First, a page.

Unions reject ‘deeply disappointing’ pay offer for council workers

The Canary

Unions representing more than one million local government workers have rejected a 2% pay offer from employers, describing it as “deeply disappointing”.

Three unions submitted a claim last year for the lowest rate for council staff to be raised to £10 an hour for its members in England, Wales and the north of Ireland, and by 10% for other workers.

Officials called on employers to come up with a better offer so that talks can continue.

The settlement covers workers ranging from teaching assistants, social workers and librarians to park keepers and refuse collectors.

Unison’s head of local government Jon Richards said:

Council staff run vital local services at the heart of communities across the three nations.

They’ve done this through thick and thin as cuts and redundancies have made their jobs ever more challenging.

Today’s offer is more than disappointing.

He added:

It’s high time teaching assistants, care workers, librarians and park keepers were rewarded for their sterling efforts during the difficult decade of austerity.

The Chancellor must give councils the cash in the Budget to fund a proper pay rise.

Otherwise experienced staff will be lost as they seek better paid work elsewhere and there’ll be barely anyone left to deliver local services.

GMB national officer Rehana Azam said:

This offer does nothing to address the decade of savage cuts our members have suffered – their wages have been devalued by 22% over the past 10 years.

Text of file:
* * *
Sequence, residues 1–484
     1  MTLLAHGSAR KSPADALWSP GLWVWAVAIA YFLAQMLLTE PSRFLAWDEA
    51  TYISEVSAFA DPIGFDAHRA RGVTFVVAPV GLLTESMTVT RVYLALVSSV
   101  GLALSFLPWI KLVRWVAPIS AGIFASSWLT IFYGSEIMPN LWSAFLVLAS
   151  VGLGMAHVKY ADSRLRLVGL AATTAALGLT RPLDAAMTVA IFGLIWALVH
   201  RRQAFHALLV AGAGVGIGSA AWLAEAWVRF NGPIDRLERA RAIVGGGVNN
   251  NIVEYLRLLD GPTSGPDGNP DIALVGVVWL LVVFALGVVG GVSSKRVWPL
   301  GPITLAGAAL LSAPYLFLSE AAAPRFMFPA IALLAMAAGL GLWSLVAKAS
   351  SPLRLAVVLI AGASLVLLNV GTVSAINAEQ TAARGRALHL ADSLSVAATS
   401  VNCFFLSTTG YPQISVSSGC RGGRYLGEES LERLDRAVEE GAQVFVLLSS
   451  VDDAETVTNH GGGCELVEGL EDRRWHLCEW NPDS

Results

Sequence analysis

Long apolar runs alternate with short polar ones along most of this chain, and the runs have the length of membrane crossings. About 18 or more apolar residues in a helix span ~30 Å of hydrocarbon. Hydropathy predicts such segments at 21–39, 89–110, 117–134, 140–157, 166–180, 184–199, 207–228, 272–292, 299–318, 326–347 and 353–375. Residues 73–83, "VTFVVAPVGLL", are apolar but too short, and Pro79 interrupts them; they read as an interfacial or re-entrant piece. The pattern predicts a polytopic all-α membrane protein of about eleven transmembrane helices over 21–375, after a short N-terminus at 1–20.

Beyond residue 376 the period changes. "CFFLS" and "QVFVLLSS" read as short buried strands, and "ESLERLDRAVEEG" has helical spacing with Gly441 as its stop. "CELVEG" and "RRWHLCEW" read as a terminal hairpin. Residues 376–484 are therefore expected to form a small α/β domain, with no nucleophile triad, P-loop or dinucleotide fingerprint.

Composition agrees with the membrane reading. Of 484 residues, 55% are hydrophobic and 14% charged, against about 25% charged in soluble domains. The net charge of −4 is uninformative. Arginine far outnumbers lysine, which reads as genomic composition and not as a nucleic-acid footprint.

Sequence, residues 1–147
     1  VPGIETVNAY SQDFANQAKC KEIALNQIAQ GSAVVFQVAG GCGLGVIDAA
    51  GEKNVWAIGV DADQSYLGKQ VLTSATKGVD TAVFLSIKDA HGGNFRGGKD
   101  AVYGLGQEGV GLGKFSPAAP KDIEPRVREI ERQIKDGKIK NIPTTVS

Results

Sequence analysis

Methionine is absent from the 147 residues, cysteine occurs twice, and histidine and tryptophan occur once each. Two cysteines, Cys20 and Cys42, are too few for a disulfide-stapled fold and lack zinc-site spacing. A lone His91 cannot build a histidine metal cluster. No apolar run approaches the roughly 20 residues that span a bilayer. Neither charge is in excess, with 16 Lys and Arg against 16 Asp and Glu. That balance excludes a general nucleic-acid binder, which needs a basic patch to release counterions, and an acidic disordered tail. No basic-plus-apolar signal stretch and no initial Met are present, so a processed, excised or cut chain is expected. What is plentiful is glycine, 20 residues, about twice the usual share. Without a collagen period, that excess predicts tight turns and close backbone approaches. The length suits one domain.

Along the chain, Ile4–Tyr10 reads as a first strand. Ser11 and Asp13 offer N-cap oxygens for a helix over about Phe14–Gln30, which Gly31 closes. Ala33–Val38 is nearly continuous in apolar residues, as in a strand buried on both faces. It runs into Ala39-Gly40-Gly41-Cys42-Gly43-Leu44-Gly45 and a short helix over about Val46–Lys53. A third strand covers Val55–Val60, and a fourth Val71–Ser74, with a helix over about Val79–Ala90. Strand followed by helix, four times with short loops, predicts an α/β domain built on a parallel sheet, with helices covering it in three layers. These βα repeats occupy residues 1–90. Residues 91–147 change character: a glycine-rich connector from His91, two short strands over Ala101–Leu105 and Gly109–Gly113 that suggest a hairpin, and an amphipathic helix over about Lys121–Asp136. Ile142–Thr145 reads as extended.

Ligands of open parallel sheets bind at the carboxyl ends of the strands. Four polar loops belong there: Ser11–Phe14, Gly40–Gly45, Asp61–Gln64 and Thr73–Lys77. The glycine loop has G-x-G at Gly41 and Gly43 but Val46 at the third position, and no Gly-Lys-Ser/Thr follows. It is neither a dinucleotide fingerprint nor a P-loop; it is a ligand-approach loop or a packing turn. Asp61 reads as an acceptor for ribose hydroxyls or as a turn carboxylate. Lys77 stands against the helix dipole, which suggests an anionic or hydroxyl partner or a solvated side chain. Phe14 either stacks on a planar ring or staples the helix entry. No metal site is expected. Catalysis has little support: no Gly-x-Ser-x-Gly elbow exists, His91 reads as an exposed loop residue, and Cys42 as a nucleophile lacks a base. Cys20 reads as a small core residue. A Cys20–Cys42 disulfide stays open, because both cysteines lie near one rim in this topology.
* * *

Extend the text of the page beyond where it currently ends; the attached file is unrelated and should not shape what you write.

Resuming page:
This is Johnson’s first test on how his Government will treat public-sector workers and the offer tabled today is woefully short of a proper decent wage.

We demand a proper negotiation, in good faith, that restores public-sector workers’ confidence that Johnson and his new MPs – many who represent public-sector workers – value the vital services they provide…

soundbites are worthless unless words are followed by deeds.

Unite national officer Ian Woodland said:

The local government pay offer is deeply disappointing, it does not begin to address the aspirations of our members.

Following a decade of austerity, during which their pay in real terms has been slashed, local government members will not accept an offer which makes them poorer in real terms.

Local government unions are now seeking a fresh meeting to allow employers to table a dramatically improved offer.

The employers’ offer does not apply to council chief executives, senior officers, teachers or firefighters, who are covered by separate national pay arrangements.

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